October 30, 2009: Two years after launching in the United States, the iPhone finally goes on sale in China, giving Apple a chance to reach the world’s largest market.
A number of regulatory hurdles previously blocked Apple’s access to China, including restrictions on Wi-Fi functionality. With those problems solved, Apple offers the iPhone 3GS to the country’s 1.3 billion people, most of whom do not yet own smartphones.
First iPhone goes on sale in China
iPhones had been unofficially available in China since early in the product’s life. By 2008, a year after the original iPhone launch, BusinessWeek reported that 800,000 to 1 million iPhones had gone AWOL after legitimate purchase. Later rumors claimed that 400,000 of those iPhones, unlocked via hacks, operated on local networks in China.
However, October 2009 marked the first time Apple’s smartphone became easily available on a local Chinese carrier (Unicom). The device cost up to 6,999 yuan ($1,025) for the top-end 32GB iPhone 3GS. That price came in fractionally higher than a typical black-market iPhone at the time.
The legal iPhones labored under another disadvantage as well: a lack of Wi-Fi functionality. Beijing, wanting to promote a rival Chinese system, banned the technology. The country relaxed its stance in May 2009, after Apple began manufacturing custom iPhones — without Wi-Fi — for the Chinese market. (Later Chinese iPhone models included the technology.)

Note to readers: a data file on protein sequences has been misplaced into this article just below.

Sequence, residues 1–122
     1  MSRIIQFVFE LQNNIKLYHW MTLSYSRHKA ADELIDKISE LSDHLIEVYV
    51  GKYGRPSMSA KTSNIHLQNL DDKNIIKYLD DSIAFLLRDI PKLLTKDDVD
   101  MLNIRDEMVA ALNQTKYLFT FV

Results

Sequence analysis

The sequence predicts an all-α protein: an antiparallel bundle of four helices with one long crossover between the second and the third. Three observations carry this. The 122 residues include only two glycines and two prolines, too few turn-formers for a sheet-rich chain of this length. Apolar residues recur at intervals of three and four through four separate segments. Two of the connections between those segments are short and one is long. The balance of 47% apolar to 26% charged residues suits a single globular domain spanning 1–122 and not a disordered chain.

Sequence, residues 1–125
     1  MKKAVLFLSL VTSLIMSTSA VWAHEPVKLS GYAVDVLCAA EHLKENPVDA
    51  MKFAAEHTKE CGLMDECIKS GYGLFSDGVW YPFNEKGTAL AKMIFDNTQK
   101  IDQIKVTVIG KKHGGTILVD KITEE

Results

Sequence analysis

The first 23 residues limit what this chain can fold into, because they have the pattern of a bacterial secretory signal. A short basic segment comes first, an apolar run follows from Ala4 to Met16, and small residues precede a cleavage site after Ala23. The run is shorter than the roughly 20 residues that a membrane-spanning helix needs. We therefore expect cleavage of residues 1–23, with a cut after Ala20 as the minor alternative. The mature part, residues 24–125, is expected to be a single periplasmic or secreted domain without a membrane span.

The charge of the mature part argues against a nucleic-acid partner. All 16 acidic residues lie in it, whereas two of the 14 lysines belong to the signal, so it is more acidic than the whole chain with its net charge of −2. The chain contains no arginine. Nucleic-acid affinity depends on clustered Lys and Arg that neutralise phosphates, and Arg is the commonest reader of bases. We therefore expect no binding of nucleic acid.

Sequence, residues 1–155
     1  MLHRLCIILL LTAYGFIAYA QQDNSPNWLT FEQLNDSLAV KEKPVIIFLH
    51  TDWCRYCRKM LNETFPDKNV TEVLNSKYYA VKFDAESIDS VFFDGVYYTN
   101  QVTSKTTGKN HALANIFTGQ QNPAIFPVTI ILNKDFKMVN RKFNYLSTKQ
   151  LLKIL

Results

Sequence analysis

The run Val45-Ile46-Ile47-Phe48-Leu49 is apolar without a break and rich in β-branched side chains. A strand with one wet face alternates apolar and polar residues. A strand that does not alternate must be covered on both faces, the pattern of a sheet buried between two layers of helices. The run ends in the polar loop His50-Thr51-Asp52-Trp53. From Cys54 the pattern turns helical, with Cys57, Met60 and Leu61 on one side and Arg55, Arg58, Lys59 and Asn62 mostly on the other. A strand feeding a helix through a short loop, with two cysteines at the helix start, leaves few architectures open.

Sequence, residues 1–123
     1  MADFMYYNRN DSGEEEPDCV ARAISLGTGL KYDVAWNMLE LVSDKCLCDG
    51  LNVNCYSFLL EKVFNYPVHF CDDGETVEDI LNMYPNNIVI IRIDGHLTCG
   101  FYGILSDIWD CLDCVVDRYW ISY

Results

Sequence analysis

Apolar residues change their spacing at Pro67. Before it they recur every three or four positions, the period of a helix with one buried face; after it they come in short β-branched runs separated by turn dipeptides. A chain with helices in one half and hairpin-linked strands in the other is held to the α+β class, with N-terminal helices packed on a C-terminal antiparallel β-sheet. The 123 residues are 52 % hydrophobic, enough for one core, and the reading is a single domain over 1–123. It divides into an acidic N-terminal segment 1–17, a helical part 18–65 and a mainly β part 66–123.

As a result, iPhone sales in China didn’t become a massive game-changer for Apple until a few years later, when Cupertino finally closed a deal with China Mobile. That brought the iPhone to the world’s largest carrier.
Apple and the Chinese market
Today, despite reservations from some, Apple remains incredibly keen to embrace the Chinese market, as illustrated by the astonishingly rapid expansion of Apple retail stores in the country. China is now Apple’s leading market for App Store revenue. And Apple CEO Tim Cook said the company designs new products specifically with the Chinese audience in mind.
As 2022 winds down, Apple faces new challenges in China. The trade war that erupted during President Donald Trump’s time in office seems to have cooled. But tensions remain during President Joe Biden’s administration. Concerns over Apple’s response to Chinese censorship and allegations of forced labor in Chinese factories continue to make headlines.
However, Apple continues to court Chinese business for good reason. It remains a gigantic market (as well as a manufacturing powerhouse). And Apple likely thinks it can function as a “force for good” in the authoritarian country.